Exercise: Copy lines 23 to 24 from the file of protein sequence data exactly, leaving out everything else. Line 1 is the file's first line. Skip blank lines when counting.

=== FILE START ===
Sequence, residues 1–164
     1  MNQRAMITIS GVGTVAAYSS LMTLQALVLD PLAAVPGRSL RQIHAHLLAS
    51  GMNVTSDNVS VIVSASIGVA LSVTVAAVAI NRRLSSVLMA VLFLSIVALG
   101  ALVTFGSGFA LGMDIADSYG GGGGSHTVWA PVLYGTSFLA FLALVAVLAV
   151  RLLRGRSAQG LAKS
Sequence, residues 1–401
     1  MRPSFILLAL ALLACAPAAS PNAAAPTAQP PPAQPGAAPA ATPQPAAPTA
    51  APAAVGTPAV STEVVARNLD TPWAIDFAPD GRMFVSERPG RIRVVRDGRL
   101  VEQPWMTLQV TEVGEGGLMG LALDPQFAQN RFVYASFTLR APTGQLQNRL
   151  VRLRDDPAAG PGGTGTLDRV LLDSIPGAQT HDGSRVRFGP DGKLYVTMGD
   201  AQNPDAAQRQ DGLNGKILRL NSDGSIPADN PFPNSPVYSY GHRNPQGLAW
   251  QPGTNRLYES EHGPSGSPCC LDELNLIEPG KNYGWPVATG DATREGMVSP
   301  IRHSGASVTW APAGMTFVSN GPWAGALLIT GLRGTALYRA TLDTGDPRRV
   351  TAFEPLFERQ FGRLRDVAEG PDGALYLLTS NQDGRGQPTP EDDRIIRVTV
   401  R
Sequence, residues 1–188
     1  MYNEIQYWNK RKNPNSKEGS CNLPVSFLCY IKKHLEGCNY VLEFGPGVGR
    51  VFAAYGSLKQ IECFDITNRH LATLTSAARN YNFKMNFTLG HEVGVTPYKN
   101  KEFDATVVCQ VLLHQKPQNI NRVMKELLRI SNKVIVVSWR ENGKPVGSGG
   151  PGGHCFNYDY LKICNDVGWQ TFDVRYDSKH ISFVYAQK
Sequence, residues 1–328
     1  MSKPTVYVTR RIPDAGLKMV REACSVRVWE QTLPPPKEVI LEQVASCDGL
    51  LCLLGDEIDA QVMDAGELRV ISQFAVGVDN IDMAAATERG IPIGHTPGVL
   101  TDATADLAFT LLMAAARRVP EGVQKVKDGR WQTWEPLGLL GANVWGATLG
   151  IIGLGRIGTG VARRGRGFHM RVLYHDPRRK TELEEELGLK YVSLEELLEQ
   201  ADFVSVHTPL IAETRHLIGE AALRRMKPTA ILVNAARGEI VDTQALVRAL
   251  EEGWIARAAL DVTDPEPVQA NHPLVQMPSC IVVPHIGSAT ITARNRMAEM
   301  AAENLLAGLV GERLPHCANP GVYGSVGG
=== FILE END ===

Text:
    51  LCLLGDEIDA QVMDAGELRV ISQFAVGVDN IDMAAATERG IPIGHTPGVL
   101  TDATADLAFT LLMAAARRVP EGVQKVKDGR WQTWEPLGLL GANVWGATLG